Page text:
Japan market research

Why many international brands struggle in selling online in Japan?

Which payment methods are preferred by Japanese customers when purchasing online ?

Preferred online payment methods in Japan

Credit card
Convenience store
Internet banking
Bank Transfer
Cash on delivery
Source: eShopworld

Why do people have but don’t use credit cards?

JCB reports that the penetration rate of credit cards in Japan is 85%, and that the average number of credit cards per individual is around 3.2. Such numbers are comparable with the ones of the US, but only 17% of Japanese people purchases actually happens through credit cards


Japanese people value their privacy and data protection

Even if credit cards systems are nowadays encrypted and protected, you still have to insert all your personal information to complete a purchase.

Fear of fraud

Using credit cards could make them feel exposed to fraud issues, from dataleaks to actual scams and unauthorized transactions.

Presence of valid payment alternatives on the market

Most online stores in Japan, starting from giants Rakuten and Amazon, offer cash-based alternatives to credit cards payment, between which cash on delivery or the ability to pay atconvenience stores.

Debt is seen as something risky to stay away from

Credit cards work on “debt-based” premises: a customer receives now, a good or service whichwill be accounted for at the end of the month. Japanese people, strongly adverse to risk, can see this as incurring in a real debt, and therefore exposing themselves to an unnecessary level of risk.

Konbini (Convenience Store) Payments

The diffusion of convenience stores in Japan is just impressive, and through the years the variety of goods sold has been integrated with additional services, from paying bills tore-charging prepaid cards and paying and receiving online purchased goods.

Many online stores provide, between their payment options, the possibility for their customers to place an online order, receive an anonymous receipt and bring that receipt to a convenience store, were they will be able to pay directly in cash at the counter or make a bank transfer online or offline through the ATM stations present at the convenience stores.

This allows customers to pay with cash or directly from their bank account without exposing their personal data, and once the payment is placed the order will be released and reach the customer, either at his/her home, office, or at an actual konbini.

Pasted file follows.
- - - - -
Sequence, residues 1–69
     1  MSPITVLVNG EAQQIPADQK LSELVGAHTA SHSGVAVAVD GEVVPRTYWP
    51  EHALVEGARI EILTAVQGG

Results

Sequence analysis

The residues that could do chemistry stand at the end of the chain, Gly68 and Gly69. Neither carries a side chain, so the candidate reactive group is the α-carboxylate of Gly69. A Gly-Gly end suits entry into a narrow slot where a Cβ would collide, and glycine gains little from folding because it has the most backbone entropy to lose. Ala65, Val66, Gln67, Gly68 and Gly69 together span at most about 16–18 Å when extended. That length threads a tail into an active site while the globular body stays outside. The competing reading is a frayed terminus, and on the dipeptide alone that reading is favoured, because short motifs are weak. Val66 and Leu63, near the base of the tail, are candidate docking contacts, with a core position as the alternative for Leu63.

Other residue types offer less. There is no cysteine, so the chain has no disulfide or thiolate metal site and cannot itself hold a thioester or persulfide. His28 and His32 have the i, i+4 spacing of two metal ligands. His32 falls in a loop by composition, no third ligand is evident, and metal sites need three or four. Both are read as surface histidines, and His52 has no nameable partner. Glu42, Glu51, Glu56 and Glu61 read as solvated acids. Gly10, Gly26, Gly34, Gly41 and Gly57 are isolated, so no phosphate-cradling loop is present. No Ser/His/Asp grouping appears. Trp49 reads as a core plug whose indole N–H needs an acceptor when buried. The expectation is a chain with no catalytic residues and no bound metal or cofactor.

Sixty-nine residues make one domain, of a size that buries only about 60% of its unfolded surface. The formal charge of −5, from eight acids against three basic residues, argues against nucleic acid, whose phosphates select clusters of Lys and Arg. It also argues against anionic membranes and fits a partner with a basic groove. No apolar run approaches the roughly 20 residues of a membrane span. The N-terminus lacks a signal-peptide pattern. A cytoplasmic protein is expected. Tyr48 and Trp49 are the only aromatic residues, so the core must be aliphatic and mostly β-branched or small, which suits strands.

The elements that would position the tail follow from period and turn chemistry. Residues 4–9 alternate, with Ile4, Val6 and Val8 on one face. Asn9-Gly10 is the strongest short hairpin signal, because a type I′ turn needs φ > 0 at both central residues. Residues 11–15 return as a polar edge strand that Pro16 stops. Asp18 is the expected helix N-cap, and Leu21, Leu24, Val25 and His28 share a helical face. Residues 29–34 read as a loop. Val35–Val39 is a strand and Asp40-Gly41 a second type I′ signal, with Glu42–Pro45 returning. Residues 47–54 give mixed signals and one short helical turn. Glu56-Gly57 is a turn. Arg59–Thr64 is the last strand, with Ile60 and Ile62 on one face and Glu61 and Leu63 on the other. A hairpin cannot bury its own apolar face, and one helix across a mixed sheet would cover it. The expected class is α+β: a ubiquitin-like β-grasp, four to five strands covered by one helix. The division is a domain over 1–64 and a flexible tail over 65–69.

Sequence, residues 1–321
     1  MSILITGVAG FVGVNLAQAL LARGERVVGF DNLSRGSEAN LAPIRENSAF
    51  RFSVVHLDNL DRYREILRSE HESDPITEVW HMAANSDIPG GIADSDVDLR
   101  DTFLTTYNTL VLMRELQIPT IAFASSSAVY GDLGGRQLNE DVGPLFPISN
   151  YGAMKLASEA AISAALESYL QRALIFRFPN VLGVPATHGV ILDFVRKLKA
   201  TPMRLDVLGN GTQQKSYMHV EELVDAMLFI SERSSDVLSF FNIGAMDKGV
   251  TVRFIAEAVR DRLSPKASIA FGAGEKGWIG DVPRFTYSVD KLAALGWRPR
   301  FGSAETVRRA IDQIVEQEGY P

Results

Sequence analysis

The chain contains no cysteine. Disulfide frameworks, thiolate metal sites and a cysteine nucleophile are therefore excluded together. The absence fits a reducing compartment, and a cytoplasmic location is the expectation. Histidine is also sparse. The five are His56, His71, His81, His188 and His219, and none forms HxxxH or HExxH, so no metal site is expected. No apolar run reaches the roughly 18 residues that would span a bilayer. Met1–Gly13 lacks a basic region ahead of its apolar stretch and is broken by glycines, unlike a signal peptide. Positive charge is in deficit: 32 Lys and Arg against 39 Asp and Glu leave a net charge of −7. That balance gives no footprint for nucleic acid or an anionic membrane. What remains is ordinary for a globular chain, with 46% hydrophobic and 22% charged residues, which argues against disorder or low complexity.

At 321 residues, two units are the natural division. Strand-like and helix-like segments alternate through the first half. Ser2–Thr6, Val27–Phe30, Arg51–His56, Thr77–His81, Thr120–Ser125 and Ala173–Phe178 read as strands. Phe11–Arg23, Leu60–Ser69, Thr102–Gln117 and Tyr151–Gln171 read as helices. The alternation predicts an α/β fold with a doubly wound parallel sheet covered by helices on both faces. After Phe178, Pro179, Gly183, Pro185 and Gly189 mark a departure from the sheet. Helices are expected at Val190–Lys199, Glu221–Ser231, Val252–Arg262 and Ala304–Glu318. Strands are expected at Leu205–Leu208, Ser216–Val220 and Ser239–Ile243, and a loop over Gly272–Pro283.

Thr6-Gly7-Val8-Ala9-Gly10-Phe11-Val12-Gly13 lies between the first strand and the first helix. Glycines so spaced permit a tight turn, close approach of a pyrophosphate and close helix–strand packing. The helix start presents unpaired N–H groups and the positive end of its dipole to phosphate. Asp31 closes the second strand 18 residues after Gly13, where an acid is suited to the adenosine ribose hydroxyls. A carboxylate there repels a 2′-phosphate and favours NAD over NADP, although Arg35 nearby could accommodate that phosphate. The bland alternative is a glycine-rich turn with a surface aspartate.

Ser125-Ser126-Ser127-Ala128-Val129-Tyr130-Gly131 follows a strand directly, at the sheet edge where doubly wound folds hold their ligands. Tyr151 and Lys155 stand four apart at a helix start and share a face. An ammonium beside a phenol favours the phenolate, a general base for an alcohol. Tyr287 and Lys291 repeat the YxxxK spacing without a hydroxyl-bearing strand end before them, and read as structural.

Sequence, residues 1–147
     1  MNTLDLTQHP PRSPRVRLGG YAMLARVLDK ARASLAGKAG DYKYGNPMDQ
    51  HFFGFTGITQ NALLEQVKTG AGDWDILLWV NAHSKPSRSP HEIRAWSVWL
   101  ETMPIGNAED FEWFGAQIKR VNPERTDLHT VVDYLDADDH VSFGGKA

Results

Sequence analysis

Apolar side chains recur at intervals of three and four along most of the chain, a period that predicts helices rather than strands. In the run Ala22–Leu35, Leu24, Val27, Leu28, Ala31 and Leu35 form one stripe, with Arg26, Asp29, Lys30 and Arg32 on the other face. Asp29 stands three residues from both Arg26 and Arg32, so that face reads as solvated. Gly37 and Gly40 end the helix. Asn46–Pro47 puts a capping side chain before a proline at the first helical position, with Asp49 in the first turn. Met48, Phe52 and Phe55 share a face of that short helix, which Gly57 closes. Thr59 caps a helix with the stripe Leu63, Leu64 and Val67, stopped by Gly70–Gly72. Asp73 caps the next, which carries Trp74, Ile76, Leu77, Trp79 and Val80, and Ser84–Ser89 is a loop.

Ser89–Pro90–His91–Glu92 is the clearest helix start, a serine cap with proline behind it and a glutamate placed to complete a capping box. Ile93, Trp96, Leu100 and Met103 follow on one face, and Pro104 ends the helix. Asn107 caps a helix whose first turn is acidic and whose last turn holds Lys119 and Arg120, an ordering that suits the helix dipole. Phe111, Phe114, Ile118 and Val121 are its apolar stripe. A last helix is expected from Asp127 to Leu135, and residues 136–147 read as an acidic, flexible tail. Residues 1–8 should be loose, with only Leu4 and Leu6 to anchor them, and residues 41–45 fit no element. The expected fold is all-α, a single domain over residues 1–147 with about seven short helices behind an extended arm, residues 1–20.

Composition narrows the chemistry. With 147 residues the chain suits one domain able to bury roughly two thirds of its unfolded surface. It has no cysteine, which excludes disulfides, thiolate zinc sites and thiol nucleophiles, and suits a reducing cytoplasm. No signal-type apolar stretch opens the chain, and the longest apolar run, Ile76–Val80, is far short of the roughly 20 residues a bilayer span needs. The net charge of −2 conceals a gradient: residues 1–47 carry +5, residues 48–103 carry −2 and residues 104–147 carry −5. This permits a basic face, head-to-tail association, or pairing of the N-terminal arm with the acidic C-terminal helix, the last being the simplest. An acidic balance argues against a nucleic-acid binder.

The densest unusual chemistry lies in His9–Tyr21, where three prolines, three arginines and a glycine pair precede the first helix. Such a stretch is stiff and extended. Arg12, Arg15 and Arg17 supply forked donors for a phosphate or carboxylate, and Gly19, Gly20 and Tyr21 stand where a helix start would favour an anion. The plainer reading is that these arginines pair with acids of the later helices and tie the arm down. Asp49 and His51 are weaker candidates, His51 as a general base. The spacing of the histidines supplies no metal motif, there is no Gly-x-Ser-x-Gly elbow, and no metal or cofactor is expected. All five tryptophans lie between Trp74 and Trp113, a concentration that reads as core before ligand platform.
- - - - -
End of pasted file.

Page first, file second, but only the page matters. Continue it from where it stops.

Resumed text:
From a merchant perspective, konbini payments allow on one side to have a wider reach, but at the same time cope with therisk of keeping inventory blocked until customers finalize their payment (or the payment deadline expires).

Cash on Delivery

While almost disappearing in many countries, COD (cash on delivery) survives strongly in Japan
Allowing customers to pay at the door when they receive the purchased items. MajorJapanese carriers like Yamato and Sagawa, usually offer this option for an average extracharge of 400¥ for orders worth less than 30,000¥.

Delayed Payments / “ATOBARAI”

Another very common form of payment is the so-called “atobarai”, literally “pay later”. Big chains like Uniqlo use for example NP Atobarai, which not only allows delayed payments and features a points program for customers who use it, but also covers the merchants in case of missing payments


The customer makes an online purchase, choosing “atobarai” as payment system


Product receive

The customer receives the product and checks it



The atobarai sends, separately or together with the product depending from case to case, an invoice to the customer.



Once the customer receives the invoice, he/she has a determined amount of time to pay it at the konbini, post office, or bank.

Giants like PayPal are still struggling to make their way through theJapanese ecosystem
To conclude, we hope that this quick overview on Japanese online payment systems has given you a grasp of the peculiarities of an extremely interesting, high promising, but sometimes complicated market. Giants like PayPal are still struggling to make their way through the Japanese ecosystem, and we expect more Asian payment gateways to enter the market in the near future.